There was a pause and then, “Thank you. I was lucky to get the part. I’ve got another month here before I have to head back to the States for my next film. Look, I haven’t got time for a real chat now. I’ve got to go to some silly cocktail party. Let’s arrange to meet later in the week. Look, here’s my hotel phone number. Ring me and we’ll arrange it. I want to hear all your news. And I can tell you all about Posy and Petrova. Now, can I drop you off somewhere? Are you still living in your old house? And your mother....she was very frail.....I suppose.....”

“I lost her some years back. And no, I live deep in the country now. A village.”

“Oh! I don’t think I’d care for that. I’d miss the theatre too much. Do you...I mean, I suppose there are good amateur dramatic groups everywhere. So what are you doing? I know - you’re a teacher! Nana always said you’d become a teacher.”

Winifred hesitated. “No, I don’t teach. But I keep busy.”

She’d pulled off her gloves when she got into the car and now she heard Pauline make a soft exclamation and reach forward to take her hand. “You’re married! Oh Winifred, I didn’t know. Oh lucky you!”

“Lucky?” She was puzzled. “But you’ve been married. I read about it in a magazine.”

Pauline’s voice, altered. Some of the false sophistication fell away as she said, “Yes, but it didn’t last, did it?” She laughed but to Winifred it sounded harsh and almost bitter. “I believed in the happy ending and couldn’t believe it when it didn’t happen! I so wanted a family. Posy goes her own way and Petrova can hardly find time to speak on the phone.”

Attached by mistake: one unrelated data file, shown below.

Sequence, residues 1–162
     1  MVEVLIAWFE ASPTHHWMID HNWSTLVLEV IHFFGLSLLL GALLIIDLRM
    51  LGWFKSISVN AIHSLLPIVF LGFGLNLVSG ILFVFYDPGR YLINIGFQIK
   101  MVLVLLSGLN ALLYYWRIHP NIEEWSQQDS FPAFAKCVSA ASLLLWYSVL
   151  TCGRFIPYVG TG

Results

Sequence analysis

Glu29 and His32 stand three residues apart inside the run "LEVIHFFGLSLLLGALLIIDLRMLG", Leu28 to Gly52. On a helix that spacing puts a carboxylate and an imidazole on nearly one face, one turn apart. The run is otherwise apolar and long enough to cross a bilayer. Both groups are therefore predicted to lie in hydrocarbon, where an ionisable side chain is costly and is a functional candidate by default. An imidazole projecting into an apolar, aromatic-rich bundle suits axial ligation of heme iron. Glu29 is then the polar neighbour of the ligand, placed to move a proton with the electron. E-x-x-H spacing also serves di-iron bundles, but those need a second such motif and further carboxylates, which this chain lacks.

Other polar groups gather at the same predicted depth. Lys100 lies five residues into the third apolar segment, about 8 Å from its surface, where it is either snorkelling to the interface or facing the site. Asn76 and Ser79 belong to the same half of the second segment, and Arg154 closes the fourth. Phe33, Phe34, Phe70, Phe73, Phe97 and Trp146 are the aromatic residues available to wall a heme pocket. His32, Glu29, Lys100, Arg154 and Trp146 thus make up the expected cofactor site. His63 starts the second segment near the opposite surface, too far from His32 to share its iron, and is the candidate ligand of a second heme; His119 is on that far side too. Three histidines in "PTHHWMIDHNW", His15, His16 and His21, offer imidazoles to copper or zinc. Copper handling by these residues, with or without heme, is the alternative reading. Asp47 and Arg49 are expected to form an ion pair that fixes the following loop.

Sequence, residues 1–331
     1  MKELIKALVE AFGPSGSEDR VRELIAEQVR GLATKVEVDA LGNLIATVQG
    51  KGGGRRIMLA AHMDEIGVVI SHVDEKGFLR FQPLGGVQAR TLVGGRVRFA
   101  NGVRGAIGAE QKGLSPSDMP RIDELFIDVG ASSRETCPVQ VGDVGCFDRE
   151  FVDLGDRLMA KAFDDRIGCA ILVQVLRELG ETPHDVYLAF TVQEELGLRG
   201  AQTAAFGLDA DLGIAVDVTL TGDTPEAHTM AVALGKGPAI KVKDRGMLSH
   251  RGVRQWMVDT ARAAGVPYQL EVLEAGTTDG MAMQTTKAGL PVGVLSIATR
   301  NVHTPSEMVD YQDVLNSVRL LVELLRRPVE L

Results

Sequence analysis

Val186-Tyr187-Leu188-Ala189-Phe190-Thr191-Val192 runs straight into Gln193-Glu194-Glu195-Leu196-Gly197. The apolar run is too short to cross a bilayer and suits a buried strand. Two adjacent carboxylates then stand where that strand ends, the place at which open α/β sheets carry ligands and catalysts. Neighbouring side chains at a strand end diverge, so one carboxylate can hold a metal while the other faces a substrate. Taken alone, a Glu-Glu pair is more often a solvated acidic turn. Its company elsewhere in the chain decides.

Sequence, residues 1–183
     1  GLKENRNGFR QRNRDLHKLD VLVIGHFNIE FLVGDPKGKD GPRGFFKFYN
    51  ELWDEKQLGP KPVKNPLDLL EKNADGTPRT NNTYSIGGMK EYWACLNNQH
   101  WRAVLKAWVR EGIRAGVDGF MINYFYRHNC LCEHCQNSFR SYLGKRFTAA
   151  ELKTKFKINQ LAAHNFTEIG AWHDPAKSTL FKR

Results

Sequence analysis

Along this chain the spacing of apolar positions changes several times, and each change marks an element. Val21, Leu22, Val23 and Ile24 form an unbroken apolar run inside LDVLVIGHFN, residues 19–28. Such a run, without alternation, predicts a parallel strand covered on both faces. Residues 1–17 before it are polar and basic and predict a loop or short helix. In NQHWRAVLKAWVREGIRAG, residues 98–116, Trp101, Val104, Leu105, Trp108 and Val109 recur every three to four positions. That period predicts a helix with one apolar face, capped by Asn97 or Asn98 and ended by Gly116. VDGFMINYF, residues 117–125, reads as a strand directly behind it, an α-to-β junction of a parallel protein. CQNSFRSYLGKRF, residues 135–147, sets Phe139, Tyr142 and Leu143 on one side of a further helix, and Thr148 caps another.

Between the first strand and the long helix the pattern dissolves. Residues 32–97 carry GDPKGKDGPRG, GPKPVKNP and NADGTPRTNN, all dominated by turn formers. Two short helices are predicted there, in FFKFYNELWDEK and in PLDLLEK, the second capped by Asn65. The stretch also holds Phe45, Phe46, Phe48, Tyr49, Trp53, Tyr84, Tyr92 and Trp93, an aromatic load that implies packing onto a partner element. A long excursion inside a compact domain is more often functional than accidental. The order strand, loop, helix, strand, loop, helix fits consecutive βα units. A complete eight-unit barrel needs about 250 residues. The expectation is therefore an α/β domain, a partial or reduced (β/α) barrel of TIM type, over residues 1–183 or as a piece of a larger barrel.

There was a silence, just the purring of the big engine and the distant sounds of the traffic outside. They were stopped at a traffic lights and the lights of a big shop next to them filled the car. Winifred gazed at the girl next to her and saw, to her dismay, that there were tear tracks on her beautifully made up face.

“Still, I mustn’t sound so dismal! You’ll think I’m the most ungrateful girl that ever lived!”

Winifred smiled. “Well, a home in Hollywood, one in New York and two Oscar nominations must make up for a lot. Not to mention all the wonderful parts you get to play.”

Pauline laughed again, the sophistication back in place. “Oh my dear, I wouldn’t change anything, of course. It’s a wonderful life. And now I’ll think of you living in your little village, all quiet and cosy. I can’t wait to tell the others.”

Winifred stood on the pavement outside Paddington Station and watched as the limousine drove away, a gloved hand waving from the window. She glanced at the clock. Just time for a cup of tea and a bun before her train left.

Then she would be home! Back to Jack, the man she loved so dearly, a vicar with a large parish. Back to the vicarage with its cold, rambling rooms that were full of the fun and laughter that four young children could bring. Back to a busy, hectic life without glamour and excitement but with so much love she could only bear to be away for one day a year.

And as she headed for the station cafe, she found herself remembering a line from The Merchant of Venice, a play they’d rehearsed at the Academy where she’d been a much better Portia than Pauline Fossil!

“All the glitters is not gold,
Often have you heard that story told.”